These channels allow insurers to engage directly with customers, a critical requirement in the new digital age when customers expect continuous interactions with their service providers. Again, through these innovative channels, insurers can gain insight into unmet needs that provides ideas for new offerings. Third, insurers can gather information that helps them improve how they underwrite and market their products. 

In answering the above question on why has it become necessary to innovate, I dare say that innovation has become an imperative for insurers because without a strong digital strategy to differentiate oneself in the digital natives’ market-space,  insurance companies could lose the slice of the margins they earn from distribution and eventually impact their bottom line negatively.

How insurers responds to these economical and society-wide technological innovations, and provide insurance processes and policies that integrate such changes to bring about differentiation in the industry is a discourse worth considering.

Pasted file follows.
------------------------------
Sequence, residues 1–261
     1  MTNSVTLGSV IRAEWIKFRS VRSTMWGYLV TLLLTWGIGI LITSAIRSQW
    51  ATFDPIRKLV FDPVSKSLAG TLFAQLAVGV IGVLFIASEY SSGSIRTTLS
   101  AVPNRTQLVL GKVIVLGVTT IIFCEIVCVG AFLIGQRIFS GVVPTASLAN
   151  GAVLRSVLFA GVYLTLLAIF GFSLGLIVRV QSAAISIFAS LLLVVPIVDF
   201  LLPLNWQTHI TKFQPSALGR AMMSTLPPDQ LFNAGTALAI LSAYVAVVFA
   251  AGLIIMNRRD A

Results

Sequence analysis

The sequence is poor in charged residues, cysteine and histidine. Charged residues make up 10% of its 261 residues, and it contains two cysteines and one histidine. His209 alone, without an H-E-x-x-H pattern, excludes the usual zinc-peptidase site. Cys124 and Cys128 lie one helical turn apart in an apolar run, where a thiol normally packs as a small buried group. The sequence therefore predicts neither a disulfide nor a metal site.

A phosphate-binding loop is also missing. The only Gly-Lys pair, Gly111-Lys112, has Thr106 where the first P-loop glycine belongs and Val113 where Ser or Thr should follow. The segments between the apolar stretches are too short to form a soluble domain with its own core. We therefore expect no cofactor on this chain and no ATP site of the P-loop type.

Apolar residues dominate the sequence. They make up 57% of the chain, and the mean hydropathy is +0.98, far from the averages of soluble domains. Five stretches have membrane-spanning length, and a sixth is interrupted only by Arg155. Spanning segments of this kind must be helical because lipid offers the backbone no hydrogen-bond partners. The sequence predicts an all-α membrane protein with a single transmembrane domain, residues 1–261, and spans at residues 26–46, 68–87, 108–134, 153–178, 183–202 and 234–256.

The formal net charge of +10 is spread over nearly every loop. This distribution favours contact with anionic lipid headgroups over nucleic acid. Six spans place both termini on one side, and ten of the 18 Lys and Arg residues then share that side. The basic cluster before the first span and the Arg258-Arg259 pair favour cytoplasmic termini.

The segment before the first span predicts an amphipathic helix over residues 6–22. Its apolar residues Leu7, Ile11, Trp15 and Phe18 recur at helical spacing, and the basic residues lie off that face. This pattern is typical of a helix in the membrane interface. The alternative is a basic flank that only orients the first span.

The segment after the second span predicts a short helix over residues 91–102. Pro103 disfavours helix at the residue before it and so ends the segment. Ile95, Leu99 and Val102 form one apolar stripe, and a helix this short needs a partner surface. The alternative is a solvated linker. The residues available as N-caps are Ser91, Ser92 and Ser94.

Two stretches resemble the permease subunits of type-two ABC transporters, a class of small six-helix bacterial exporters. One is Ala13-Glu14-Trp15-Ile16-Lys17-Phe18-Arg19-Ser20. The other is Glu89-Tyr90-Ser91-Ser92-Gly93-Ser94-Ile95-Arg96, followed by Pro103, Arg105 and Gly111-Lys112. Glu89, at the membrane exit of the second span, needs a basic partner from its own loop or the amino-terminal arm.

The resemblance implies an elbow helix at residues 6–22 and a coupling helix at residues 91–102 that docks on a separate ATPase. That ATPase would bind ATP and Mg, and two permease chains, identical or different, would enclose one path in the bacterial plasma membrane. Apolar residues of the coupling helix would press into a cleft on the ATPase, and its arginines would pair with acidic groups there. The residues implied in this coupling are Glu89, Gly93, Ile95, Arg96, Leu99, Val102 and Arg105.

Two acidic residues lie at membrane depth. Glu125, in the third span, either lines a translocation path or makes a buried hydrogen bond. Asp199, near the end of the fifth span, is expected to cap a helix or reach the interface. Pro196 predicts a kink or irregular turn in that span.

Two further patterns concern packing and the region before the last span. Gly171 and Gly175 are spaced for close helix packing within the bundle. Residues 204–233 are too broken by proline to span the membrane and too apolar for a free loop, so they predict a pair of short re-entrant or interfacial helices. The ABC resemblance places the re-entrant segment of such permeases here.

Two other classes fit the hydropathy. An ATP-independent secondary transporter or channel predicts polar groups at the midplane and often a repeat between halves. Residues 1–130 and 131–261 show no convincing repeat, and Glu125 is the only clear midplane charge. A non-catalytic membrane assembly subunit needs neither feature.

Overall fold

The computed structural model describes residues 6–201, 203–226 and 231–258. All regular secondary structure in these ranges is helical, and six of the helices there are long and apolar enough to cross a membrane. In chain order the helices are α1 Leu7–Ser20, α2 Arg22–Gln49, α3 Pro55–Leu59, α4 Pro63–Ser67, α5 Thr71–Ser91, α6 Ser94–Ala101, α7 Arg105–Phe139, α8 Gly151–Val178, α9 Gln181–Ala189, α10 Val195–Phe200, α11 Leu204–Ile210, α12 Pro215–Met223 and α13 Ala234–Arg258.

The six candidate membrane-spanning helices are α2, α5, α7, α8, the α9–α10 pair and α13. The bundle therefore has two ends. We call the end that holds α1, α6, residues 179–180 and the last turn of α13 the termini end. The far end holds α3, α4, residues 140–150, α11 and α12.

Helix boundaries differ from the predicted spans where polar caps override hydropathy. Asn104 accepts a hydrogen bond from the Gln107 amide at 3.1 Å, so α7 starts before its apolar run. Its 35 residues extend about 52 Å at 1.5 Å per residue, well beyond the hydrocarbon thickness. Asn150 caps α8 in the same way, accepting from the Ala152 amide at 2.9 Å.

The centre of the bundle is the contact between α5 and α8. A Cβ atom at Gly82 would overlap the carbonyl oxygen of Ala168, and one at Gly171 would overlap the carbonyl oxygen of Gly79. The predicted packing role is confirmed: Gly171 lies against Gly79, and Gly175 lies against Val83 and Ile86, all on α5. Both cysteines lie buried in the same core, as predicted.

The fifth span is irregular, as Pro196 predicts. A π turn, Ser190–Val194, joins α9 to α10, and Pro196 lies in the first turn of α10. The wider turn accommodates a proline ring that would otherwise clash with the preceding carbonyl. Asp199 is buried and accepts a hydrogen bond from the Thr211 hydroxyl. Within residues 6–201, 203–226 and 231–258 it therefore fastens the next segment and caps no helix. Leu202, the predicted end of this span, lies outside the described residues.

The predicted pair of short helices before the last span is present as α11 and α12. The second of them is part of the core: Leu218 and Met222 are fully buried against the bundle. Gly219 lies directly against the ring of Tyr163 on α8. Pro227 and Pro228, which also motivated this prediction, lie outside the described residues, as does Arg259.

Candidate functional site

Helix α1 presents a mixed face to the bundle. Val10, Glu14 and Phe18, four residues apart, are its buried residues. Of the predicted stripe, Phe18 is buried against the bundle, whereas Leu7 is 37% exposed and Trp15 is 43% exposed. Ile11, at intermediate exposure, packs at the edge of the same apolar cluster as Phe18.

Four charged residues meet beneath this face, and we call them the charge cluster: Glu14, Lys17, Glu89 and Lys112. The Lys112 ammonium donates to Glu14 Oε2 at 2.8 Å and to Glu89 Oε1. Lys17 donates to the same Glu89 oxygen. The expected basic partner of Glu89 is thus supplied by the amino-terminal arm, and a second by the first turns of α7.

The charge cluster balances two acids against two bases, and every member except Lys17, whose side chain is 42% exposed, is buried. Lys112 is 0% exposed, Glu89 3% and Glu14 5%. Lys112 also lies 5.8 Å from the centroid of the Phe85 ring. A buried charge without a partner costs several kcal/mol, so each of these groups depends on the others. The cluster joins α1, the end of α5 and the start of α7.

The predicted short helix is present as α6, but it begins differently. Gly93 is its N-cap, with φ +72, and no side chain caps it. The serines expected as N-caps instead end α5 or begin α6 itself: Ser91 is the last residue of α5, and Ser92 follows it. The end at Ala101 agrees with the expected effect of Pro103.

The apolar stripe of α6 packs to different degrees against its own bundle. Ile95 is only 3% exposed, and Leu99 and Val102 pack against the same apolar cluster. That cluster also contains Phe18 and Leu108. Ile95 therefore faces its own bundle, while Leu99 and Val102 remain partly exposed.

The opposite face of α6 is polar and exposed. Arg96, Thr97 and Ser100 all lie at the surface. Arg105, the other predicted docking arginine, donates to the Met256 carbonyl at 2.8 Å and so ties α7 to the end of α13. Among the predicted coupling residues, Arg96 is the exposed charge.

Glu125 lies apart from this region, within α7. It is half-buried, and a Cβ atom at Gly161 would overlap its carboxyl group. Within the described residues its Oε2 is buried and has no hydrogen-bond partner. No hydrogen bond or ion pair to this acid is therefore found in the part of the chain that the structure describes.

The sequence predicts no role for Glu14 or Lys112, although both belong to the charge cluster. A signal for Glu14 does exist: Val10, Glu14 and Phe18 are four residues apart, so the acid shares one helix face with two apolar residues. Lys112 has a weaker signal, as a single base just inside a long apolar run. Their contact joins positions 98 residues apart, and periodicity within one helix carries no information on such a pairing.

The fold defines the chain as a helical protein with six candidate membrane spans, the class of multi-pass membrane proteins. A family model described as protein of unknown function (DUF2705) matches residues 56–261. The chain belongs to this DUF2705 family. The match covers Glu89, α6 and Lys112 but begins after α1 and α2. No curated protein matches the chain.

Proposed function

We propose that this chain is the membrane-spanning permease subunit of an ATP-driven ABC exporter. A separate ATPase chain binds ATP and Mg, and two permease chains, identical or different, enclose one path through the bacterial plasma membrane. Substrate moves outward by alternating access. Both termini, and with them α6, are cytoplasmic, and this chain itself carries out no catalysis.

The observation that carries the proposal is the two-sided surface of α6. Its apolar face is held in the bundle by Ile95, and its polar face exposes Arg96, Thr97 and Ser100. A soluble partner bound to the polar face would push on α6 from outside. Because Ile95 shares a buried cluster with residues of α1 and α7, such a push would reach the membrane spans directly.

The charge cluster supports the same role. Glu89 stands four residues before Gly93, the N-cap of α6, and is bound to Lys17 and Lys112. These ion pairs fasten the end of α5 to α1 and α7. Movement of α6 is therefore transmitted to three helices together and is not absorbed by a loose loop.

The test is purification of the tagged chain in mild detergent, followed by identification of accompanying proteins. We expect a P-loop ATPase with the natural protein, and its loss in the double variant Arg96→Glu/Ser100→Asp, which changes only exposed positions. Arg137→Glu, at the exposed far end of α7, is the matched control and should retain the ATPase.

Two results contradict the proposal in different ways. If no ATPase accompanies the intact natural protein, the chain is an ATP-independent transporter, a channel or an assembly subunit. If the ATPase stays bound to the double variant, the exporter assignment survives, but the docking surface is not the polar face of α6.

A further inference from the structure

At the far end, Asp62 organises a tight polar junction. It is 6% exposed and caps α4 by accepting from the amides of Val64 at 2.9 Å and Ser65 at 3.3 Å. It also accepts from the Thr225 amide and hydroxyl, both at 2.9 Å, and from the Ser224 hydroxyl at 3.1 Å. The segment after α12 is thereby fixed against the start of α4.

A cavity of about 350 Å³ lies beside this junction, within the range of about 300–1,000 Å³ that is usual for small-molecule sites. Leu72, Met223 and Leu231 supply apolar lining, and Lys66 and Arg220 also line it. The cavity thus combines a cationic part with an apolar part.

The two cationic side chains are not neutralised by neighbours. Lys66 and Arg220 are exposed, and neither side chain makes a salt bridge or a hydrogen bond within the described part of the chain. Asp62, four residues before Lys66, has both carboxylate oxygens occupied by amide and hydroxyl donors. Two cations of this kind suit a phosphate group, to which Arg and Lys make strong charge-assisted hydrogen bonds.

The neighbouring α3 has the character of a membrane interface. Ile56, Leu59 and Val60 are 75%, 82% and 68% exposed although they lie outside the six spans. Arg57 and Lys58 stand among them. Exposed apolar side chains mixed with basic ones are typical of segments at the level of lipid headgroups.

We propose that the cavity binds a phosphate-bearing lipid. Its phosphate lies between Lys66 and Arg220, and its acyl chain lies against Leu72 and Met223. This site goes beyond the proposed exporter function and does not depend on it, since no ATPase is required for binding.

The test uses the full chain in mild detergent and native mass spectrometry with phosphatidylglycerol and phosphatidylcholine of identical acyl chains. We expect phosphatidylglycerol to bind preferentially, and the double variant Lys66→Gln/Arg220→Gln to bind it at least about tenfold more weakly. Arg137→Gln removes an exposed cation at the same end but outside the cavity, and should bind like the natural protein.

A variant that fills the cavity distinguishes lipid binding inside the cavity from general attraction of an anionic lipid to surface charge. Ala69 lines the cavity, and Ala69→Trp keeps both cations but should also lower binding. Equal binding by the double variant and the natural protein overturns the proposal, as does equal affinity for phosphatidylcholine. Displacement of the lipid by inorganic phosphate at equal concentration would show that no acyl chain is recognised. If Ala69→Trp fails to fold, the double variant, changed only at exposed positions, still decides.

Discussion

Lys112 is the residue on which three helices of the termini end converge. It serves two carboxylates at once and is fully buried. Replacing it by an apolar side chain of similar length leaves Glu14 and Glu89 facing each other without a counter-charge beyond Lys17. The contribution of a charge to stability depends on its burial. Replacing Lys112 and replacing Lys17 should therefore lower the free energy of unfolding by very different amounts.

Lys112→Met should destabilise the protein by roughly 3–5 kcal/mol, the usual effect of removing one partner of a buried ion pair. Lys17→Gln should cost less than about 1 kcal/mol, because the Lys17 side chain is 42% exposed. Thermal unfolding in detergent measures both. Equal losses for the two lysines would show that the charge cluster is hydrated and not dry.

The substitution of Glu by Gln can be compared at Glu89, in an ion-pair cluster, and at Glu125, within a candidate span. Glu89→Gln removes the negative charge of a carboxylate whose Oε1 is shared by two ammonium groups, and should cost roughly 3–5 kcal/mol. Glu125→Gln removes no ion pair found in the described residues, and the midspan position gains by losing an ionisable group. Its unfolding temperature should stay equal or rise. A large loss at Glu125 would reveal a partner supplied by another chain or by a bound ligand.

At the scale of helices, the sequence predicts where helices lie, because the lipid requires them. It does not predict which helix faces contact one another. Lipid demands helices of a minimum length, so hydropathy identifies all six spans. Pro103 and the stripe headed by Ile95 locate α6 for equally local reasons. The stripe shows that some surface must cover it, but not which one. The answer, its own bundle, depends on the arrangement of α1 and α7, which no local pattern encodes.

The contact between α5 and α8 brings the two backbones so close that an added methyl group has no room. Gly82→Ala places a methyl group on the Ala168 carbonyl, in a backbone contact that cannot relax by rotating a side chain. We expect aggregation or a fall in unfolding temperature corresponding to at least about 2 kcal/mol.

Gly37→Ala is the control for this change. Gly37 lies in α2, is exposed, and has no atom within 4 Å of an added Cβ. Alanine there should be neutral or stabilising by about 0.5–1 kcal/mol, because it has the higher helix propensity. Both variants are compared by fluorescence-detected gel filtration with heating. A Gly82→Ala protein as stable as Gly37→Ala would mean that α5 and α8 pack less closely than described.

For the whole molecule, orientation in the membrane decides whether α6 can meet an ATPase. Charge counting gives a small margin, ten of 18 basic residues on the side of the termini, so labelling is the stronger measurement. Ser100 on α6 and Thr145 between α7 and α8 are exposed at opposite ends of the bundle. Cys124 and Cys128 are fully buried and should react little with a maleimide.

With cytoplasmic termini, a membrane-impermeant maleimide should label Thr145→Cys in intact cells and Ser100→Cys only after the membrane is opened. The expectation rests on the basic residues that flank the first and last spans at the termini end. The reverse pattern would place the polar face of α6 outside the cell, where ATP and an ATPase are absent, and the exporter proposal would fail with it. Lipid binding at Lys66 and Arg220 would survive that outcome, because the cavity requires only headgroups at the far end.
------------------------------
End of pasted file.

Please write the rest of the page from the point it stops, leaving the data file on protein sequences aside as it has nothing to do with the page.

Permit me to share with you a good example of one such disruptive innovation that has led one company to differentiate from the competition in the insurance space.

The Case of BIMA

BIMA is a leading insurance tech player that uses mobile technology to disrupt the global insurance industry. Even though it is a Swedish Microfinance Company, BIMA provides insurance services in developing and emerging markets in Africa in particular.